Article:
There are a number of stratification schemes that are used to assess risk in ALL/LBL patients. One of the stratification schemes utilized in ALL stratifies patients in to "standard risk" and "high risk." The stratification is based on age (younger than 10 years standard and older than 10 years high risk) and white blood cell (WBC) count (fewer than 50,000/ per cubic millimeter-standard, greater than 50,000/per cubic millimeter-high). Another useful tool in assessing prognosis in B-ALL is genetic studies. The following genetic abnormalities are associated with a favorable outcome: high hyperdiploidy and the t(12;21) ETV6-RUNX1.

On the other hand, the following genetic abnormalities are associated with an unfavorable outcome: 

  • Hypodiploidy (fewer than 44 chromosomes)
  • MLL rearrangement
  • BCR-ABL1 Ph-like ALL
  • CRLF2 rearrangement
  • Intrachromosomal amplification of chromosome 21[1]

T-ALL shows unfavorable prognosis compared to B-ALL. Early T-cell precursor ALL, a rare subtype of T-ALL/LBL is particularly associated with an unfavorable outcome. Overall, T-LBL prognosis depends on age, disease stage, and LDH levels.

Deterrence and Patient Education

ALL is the most common form of cancer in children. Repeated infection, bleeding, or fatigue/pallor not responding to treatment should raise the suspicion of ALL.

Enhancing Healthcare Team Outcomes

ALL is the most common form of cancer in children. Interprofessional and multidisciplinary management based on risk stratification is the best approach for ALL patient care.

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Cancer, Lymphoblastic Lymphoma - Questions

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What is the best treatment approach for acute lymphoblastic leukemia (ALL) patients that are resistant to therapy?

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Which of the following factors is considered the most important prognostic factor in B cell lineage acute lymphoblastic leukemia (B-ALL)?

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Which of the following genetic abnormalities in B-acute lymphoblastic leukemia (B-ALL) is associated with a favorable outcome?

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A 5-year-old boy came to the primary care provider with history of recurrent infections of the throat and skin. Patient denies fever, night sweats or bone aches. A CBC showed white blood cell count: 4.1/mcL, hemoglobin: 13.2 gm/dl and platelet count: 320,000/ml. A blood smear evaluation showed no blasts. Prothrombin time and partial thromboplastin time are within normal. Basic metabolic panel is also within normal. What is the next best step in the management of this patient?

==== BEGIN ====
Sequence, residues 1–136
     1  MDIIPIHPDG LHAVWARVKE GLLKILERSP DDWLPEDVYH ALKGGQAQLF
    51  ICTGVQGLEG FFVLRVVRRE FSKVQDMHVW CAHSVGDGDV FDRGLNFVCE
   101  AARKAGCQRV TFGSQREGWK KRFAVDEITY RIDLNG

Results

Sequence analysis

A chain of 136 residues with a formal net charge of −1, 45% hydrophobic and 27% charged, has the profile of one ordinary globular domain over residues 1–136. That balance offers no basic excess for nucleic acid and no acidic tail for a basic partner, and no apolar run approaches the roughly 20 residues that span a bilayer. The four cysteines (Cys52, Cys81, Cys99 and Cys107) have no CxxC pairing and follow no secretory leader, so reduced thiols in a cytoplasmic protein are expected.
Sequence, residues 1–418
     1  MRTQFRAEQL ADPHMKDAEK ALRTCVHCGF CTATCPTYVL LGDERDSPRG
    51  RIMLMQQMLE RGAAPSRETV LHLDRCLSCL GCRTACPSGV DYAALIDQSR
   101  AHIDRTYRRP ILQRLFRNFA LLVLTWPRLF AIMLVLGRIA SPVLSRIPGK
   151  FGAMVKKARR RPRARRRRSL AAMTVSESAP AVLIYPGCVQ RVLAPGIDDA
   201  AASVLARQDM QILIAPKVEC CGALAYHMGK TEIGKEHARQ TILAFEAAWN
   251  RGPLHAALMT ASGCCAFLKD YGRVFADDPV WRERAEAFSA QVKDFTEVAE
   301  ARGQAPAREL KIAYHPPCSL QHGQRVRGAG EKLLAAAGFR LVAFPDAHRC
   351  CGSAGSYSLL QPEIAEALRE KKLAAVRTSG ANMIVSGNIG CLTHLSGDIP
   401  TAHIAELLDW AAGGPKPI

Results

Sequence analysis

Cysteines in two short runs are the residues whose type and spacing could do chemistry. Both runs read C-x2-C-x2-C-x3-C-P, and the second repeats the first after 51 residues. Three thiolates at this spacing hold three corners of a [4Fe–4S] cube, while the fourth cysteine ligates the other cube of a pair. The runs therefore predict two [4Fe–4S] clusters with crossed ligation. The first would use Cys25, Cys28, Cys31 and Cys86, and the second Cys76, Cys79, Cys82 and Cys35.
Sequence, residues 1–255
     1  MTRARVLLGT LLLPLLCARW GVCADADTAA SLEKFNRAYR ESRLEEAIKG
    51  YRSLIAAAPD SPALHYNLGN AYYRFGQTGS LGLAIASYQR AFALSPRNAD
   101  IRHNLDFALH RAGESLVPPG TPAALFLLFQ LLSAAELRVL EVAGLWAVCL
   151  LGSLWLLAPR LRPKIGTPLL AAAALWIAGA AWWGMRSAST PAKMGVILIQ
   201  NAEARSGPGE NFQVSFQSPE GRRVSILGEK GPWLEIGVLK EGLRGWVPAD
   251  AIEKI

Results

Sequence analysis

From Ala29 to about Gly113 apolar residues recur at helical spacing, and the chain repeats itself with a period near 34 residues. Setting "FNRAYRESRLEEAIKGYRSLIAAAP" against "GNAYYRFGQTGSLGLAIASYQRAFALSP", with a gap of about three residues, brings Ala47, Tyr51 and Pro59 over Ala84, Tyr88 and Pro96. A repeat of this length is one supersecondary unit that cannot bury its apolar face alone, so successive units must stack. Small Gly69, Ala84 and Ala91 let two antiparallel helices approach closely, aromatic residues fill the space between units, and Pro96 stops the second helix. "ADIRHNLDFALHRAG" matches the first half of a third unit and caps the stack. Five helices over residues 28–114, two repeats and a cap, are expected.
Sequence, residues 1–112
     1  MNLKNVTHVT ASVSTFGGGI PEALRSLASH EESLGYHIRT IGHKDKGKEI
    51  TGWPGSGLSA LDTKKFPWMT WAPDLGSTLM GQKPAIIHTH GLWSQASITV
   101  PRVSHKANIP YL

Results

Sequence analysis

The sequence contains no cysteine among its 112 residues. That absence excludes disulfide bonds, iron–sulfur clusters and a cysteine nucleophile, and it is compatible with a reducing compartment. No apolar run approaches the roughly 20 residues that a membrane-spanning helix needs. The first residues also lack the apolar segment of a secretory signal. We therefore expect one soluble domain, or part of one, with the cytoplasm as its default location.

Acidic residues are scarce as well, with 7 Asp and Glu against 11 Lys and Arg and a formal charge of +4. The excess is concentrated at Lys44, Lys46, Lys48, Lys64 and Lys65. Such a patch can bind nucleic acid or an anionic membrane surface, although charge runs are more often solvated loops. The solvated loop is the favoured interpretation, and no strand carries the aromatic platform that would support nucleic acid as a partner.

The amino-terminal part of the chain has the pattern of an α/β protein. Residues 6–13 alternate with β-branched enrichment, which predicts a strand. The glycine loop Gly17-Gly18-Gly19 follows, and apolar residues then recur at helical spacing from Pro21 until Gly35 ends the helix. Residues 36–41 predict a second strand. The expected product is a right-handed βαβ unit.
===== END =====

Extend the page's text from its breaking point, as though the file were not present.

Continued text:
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A 5-year-old boy came to the primary care provider with history of recurrent infections of the throat. Physical examination demonstrated cervical lymphadenopathy and hepatomegaly. A CBC showed WBC 2.1/mcL, Hb 13.2 gm/d and Plt 200,000/ml. A smear showed few lymphoblasts. PT and PTT are within normal. Basic metabolic panel is also within normal. Bone marrow aspirate was done and demonstrated 90% lymphoblasts. What is the next best step in the management of this patient?

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Cancer, Lymphoblastic Lymphoma - References


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Siegele BJ,Nardi V, Laboratory testing in BCR-ABL1-like (Philadelphia-like) B-lymphoblastic leukemia/lymphoma. American journal of hematology. 2018 Jul     [PubMed]
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Schultz KR,Carroll A,Heerema NA,Bowman WP,Aledo A,Slayton WB,Sather H,Devidas M,Zheng HW,Davies SM,Gaynon PS,Trigg M,Rutledge R,Jorstad D,Winick N,Borowitz MJ,Hunger SP,Carroll WL,Camitta B, Long-term follow-up of imatinib in pediatric Philadelphia chromosome-positive acute lymphoblastic leukemia: Children's Oncology Group study AALL0031. Leukemia. 2014 Jul     [PubMed]
Smith M,Arthur D,Camitta B,Carroll AJ,Crist W,Gaynon P,Gelber R,Heerema N,Korn EL,Link M,Murphy S,Pui CH,Pullen J,Reamon G,Sallan SE,Sather H,Shuster J,Simon R,Trigg M,Tubergen D,Uckun F,Ungerleider R, Uniform approach to risk classification and treatment assignment for children with acute lymphoblastic leukemia. Journal of clinical oncology : official journal of the American Society of Clinical Oncology. 1996 Jan     [PubMed]
Balduzzi A,Valsecchi MG,Uderzo C,De Lorenzo P,Klingebiel T,Peters C,Stary J,Felice MS,Magyarosy E,Conter V,Reiter A,Messina C,Gadner H,Schrappe M, Chemotherapy versus allogeneic transplantation for very-high-risk childhood acute lymphoblastic leukaemia in first complete remission: comparison by genetic randomisation in an international prospective study. Lancet (London, England). 2005 Aug 20-26     [PubMed]